IT MAY CONTAIN SPOILERS FOR RANGE ROADS!!!
Film festivals represent the perfect opportunity for filmmakers to present their hard work over a period of time, before they get a change for a theatrical release. Obviously, when one thinks about these types of festivals, it’s easier to think about the most famous of them all, like the SXSW Film Festival, the Sundance Film Festival, or even the festivals from Europe. Despite being a relatively recent effort, Cinequest has slowly, but surely, been earning its place thanks to the films that premiere there. And it’s in this context that we can find Range Roads, Kyle Thomas’ follow-up to his feature debut, The Valley Below.
Frankie is an actress that is struggling to find her place in the world. When she hears the news about her parents’ death, she leaves everything to return to rural Alberta to attend to the funeral. It’s here that Frankie tries to reconnect to her estranged brother, Grayson, as well as a love interest from her youth, but also a secret that has been kept from her for years.
As stated by the director himself, Range Roads might be one of his most personal projects yet. And after seeing this film, it’s easy to see why. In a nutshell, the film dwelves into sensible territory regarding one’s self and his/her own sense of the world around. It deals with themes of mortality, reconnection and forgiveness in a way that feels personal and unique. Much of the appeal regarding this direction can be found on how Thomas chooses to portray Frankie and Grayson regarding their points of view. Frankie can be best described as the “black sheep” of the family, a person who makes her own choices despite her family’s protests; in contrast, Grayson never strayed from the family, building a close relationship with the deceased. It’s an interesting approach, sure, and one that is most effective whenever we see the two siblings trying their best to build a stronger foundation, despite their differences.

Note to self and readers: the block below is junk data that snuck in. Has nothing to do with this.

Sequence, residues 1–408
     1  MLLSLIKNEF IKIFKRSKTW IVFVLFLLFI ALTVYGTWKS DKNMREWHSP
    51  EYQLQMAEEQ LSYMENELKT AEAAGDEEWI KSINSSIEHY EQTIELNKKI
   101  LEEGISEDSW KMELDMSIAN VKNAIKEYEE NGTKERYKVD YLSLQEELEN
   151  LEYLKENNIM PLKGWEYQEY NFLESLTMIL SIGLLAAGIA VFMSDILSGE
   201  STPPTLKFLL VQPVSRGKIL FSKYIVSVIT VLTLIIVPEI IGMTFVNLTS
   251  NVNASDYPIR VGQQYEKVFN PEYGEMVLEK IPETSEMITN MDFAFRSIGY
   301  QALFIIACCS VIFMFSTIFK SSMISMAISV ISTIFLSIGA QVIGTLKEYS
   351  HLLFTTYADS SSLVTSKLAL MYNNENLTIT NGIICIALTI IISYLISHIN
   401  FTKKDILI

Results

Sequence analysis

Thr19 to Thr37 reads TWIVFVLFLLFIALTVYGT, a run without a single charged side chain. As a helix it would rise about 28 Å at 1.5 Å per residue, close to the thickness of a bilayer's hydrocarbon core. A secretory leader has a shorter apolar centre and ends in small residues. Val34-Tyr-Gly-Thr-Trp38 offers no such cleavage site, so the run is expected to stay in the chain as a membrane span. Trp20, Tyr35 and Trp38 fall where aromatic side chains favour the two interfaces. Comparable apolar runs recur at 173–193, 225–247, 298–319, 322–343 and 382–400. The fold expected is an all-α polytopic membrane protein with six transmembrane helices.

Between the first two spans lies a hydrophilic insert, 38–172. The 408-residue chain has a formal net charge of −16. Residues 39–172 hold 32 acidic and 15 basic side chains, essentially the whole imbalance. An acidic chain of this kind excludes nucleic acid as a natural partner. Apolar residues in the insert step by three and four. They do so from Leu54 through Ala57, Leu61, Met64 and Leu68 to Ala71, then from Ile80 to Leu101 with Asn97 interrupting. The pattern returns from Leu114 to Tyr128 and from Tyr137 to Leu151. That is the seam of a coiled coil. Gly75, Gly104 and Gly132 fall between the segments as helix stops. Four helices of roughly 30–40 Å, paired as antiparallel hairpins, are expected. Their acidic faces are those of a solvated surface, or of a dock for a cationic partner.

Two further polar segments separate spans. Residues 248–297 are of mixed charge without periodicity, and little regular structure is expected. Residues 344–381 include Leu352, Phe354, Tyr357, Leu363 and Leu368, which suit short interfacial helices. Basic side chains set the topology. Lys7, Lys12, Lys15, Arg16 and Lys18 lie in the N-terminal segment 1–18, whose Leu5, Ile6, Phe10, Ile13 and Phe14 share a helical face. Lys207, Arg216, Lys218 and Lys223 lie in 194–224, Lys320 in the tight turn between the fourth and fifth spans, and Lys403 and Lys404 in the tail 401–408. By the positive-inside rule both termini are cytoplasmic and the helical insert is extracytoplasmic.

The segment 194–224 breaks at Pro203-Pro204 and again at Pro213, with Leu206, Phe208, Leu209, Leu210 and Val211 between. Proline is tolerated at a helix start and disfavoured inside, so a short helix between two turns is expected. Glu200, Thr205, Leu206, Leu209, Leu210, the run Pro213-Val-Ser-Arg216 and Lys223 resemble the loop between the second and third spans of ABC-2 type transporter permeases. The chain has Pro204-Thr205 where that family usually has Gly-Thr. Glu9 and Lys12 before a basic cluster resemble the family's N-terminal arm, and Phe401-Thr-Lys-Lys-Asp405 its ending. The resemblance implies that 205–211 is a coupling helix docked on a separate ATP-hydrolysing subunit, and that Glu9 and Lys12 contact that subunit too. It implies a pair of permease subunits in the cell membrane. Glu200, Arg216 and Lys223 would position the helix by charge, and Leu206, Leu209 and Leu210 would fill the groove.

But while the characters and the themes clearly shine through, the story the film chooses to tell can be a bit familiar. Again, it’s not very hard to tell why, as these kinds of stories – of mourning, reconnection, rediscovery – serve as guidelines for stronger dramas in the industry. Because there are so many of those – and most of them are even critically acclaimed by fans and critics alike – Range Roads faces an uphill battle to show something that feels unique to it.
Thankfully, despite the familiarity of the formula, the film has a few positive notes that work on its behalf. Namely, Alana Hawley Purvis and Joe Perry as Frankie and Grayson, respectively. When working together, they display this sibling bond that’s still present, but also possesses a few problems in regards to each other’s perspectives and life experiences. However, Purvis is clearly a standout in the whole cast. It could be because she’s the lead, therefore we end up spending more time to know her, how her mind works, her flaws, and, by the end of it, we can’t help but feel glad of the journey she undertakes. Perry doesn’t get many chances to shine, although he can be competent whenever he shows up on the screen. Too bad the rest of the cast doesn’t get much to do. If this problem comes from design, we, as part of the audience, don’t know for sure, but it would help to enrich this world if the rest of the cast got more to do.
Range Roads also benefits from the shooting location. Alberta has been Thomas’ “muse” ever since The Valley Below, and we can get hooked on the simplicity of the location, which takes us back to those Country old movies. We don’t get to see much of it aside from a few locations of choice, but they sure bring that vibe of “peace” against the “chaos” of the big cities. That is captured through the impeccable lenses of Mike McLaughlin, as well as Eamon McGrath‘s simple, but effective, contributions to the music department.
In overall, Range Roads might not be the most extraordinary film that has appeared at Cinequest as of yet, but it nevertheless remains a sweet and tender look at how human connections work, and how hard it is to maintain them. Or, at worst, tolerate them. It’s familiar, but effective all the same.
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Title: Range Roads
Director: Kyle Thomas
Runtime: 86 minutes